As soon as the beginning of April hits, I often realize that I have not prepared for Passover the way I had meant to. Every year I imagine I will create my own Haggadah (in my case, kid-friendly), clean my whole house in the manner of Marie Kondo, get to the end of my work to-do list, and then fall into the perfect seder-mode, as though some kind of Passover queen.
None of those things happen, usually.
Last year I did successfully create a kid-friendly Haggadah, using a blend of Oraynu’s fabulous Haggadah Roots and Branches (we sell those! You can get a set for your own table!), and the resources on Haggadot.com. This website has assembled sources on all aspects of the Haggadah so you can easily create your own. Yes, most sources are theistic/traditional, but you can edit as you wish. It’s work, but I like that we have a family Haggadah made just for us.
The rest does not happen and is not likely to happen, if I’m being honest. The best I’m going to do on the house cleaning front is making it passable in short spurts (I like the method of putting on fast music and setting a timer for seven minutes) and perhaps a controlled amount of decluttering. My work to-do list will continue to get ever-lengthier, not shorter. I’ll resemble more of a Passover working mom than queen. But all of that is just fine!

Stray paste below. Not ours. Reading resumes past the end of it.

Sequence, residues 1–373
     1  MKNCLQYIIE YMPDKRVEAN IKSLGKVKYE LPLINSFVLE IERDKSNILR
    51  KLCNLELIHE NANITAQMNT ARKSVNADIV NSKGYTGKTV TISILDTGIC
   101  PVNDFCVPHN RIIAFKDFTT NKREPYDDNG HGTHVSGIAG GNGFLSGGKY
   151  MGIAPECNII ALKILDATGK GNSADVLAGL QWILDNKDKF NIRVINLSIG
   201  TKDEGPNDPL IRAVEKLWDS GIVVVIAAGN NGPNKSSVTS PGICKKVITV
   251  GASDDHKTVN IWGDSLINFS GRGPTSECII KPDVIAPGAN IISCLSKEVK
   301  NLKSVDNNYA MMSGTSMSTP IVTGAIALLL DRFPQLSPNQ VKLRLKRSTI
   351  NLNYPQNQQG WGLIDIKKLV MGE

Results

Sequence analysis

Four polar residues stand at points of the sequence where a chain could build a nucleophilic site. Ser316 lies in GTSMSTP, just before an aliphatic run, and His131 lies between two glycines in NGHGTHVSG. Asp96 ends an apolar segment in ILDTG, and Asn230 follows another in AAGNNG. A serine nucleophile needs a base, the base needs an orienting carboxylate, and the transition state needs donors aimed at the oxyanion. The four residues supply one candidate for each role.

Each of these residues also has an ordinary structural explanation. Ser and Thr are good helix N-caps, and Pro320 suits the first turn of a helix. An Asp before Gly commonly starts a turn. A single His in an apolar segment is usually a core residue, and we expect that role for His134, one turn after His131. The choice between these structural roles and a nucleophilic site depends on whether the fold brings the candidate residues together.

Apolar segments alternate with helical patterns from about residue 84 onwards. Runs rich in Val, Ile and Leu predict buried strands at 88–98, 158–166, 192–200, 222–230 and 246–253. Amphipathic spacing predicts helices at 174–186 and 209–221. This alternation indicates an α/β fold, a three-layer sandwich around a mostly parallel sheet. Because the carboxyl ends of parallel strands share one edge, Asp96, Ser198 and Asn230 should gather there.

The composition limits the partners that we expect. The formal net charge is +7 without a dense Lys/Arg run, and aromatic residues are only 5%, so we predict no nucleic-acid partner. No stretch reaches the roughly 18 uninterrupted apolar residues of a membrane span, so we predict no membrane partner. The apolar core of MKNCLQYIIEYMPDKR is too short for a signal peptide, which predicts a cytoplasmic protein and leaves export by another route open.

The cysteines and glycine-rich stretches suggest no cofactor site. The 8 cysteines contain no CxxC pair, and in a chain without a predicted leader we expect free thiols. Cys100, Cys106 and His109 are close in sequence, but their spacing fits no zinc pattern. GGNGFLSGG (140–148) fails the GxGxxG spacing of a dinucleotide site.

I really think that we tend to sweat the small stuff when it comes to Passover prep, and lose sight of the big picture. What is this holiday about? It’s about ending oppression, celebrating freedom, gathering with loved ones, and engaging with a story that has served as the cornerstone of Jewish culture and community. It really doesn’t matter if you haven’t prepared the perfect meal with 8 courses or cleaned each speck of chametz (bread items) or dust from your home.
For me, the big moment of joy last year was hearing my nephew and daughter sing “Ma Nishtana,” the Four Questions, in Hebrew. There is something so powerful about the intergenerational links that celebrating Passover creates. I remember seders from childhood and it’s amazing to see my kids experience their power now.
So, do your prep. Keep your eye on the important stuff. If your home is a little more cluttered or your to-do list a little too long, you can still have a wonderful holiday.
To help you along, I’ve created a Passover prep guide. Check it out here:
Happy Passover prep, everyone!